Monday, April 06, 2009


Religion and Liberty

When discussing "liberty" and "freedom," it seems some clarification of terms is in order. The founders' vision for America was not about unfettered freedom, but, rather, a particular type of ordered liberty. "Freedom" without a strong moral basis is an empty promise. The founders - admittedly an ambiguous term, but for the purpose of this post can be described as the founding generation of the United States, steeped in the Judeo-Christian tradition (if they weren't themselves orthodox, ie: trinitarian, Christians) and natural law - understood the problem of liberty quite clearly. The problem, stated simply, was how to keep liberty from degenerating into mere license. The solution, as many of the founders saw it, was to encourage the practice of religion among the American people under the assumption that the Christian religion helped make citizens fit for republican government. Meaningful freedom required the exercise of virtue on behalf of citizens and the connection between the Christian religion and virtue was obvious.

The problem inherent in a free society is that immoral actors take advantage of moral ones. If everyone quite rationally suspects everyone else of immoral behavior, then in order to protect themselves in any given transaction the value of exchange is necessarily undercut by the cost of self-protection. As actors become more immoral in their transactions, it becomes necessary to ease the expense of self-protection by enlisting the aid of government in the form of regulation, thereby undermining the entire libertarian idea. The key to breaking the cycle of immoral action and regulation is to change the nature of the actors. This not a new concept, as would-be social engineers and progressives of every stripe have been attempting this with various degrees of failure to show for their efforts for more than a hundred years. The more virtuous actors in an exchange are, the less opportunistic their behavior, then the more trust all actors can have at the outset of exchange. With trust, the costs of transaction rapidly decline and the need for government regulation and enforcement eases also. Absent trust or government intervention, exchanges are only regulated by the relative strength of the actors, a situation that can be readily observed in criminal activity.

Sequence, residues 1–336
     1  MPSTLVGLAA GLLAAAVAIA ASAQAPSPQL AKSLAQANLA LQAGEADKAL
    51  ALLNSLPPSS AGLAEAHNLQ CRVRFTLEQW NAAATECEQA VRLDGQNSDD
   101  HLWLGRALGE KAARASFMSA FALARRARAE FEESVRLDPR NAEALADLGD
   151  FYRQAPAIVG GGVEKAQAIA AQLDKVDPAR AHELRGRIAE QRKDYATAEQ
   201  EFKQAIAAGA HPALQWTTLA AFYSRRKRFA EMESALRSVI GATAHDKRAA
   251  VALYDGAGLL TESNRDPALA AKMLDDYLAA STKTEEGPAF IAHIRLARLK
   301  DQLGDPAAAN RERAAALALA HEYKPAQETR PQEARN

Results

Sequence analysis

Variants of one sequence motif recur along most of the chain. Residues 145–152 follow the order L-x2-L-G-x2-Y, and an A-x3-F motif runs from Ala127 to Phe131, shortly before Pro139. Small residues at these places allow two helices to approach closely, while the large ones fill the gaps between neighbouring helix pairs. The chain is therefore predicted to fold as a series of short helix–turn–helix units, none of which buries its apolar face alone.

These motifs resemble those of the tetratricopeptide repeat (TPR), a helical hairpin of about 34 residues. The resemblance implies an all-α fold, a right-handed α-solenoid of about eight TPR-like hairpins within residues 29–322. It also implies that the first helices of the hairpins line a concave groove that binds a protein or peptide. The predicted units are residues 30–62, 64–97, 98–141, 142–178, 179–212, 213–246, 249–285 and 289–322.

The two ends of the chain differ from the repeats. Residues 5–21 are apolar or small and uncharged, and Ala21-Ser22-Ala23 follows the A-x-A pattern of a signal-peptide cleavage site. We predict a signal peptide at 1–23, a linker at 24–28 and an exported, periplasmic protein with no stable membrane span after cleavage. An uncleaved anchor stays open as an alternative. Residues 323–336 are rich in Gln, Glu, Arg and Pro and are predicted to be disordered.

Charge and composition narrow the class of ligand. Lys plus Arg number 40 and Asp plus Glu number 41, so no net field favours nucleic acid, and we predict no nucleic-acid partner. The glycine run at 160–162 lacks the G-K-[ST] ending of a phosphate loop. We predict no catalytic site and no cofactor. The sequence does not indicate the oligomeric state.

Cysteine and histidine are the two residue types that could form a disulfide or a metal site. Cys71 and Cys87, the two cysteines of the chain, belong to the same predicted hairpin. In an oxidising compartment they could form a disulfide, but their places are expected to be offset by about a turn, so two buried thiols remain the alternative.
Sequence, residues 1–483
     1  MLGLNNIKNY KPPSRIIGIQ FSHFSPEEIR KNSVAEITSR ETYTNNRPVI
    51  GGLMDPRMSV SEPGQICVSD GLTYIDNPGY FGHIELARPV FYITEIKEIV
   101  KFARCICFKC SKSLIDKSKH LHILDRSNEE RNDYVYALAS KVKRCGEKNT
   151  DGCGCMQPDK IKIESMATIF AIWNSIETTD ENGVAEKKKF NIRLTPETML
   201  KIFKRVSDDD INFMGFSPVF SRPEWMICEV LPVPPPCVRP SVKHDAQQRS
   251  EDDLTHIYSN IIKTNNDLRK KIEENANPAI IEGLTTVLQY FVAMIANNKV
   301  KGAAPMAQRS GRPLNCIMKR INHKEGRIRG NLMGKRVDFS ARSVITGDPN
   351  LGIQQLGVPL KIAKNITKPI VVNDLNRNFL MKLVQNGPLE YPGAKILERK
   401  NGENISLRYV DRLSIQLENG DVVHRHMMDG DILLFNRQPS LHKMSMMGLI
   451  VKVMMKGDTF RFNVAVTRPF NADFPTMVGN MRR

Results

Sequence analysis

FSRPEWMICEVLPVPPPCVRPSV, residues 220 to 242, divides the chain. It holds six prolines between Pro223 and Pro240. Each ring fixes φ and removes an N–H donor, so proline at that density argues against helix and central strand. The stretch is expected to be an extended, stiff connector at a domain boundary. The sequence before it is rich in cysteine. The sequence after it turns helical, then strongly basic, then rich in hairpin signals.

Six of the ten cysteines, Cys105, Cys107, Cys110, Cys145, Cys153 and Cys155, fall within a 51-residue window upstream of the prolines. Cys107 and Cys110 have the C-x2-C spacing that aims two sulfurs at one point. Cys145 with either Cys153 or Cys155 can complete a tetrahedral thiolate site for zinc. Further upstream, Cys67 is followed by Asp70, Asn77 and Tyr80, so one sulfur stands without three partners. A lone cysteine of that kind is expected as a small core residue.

"Because the founders had the wisdom and imaginative power to predict what evil a man might conjure up with unrestrained liberty, they grounded liberty in the context of order. Prudence is generally scorned today, but in the days of the Constitutional Convention it was a highly regarded way of life. Mores and honorable social tradition constituted what it meant to be a liberated man. They held as self evident that when confronted with liberty ungrounded in order, men create a world of chaos with respect to themselves and a world of tyranny with respect to others. In contrast, some think today that unrestrained liberty constitutes what it means to be a liberated man. A deep reverence for the Founders' ideal of a liberated man, exercised through right reason, defines the proper relationship between order and liberty and altogether defines what it means to be a conservative." - Christa J. Byker

Religious social conservatives press for public policies that tend to increase social capital by improving citizens. The difference between what social conservatives and humanistic socialists are after in the transformation of the individual into a good citizen lies in the nature of their different approaches. The Christian sees the development of virtuous behavior as a "bottom up" enterprise, meaning that society is perfected as its individual members are, whereas humanists tend to work from the top down, defining the ideal and coercing the individual to its vision. True liberty lies in the freedom to do as one ought, that "ought" as realized by a properly formed actor.


For more on natural law -

On Virtue -

On ordered liberty -

See also: Samuel Gregg's excellent book "On Ordered Liberty: A Treatise on the Free Society (Religion, Politics, and Society in the New Millennium)"

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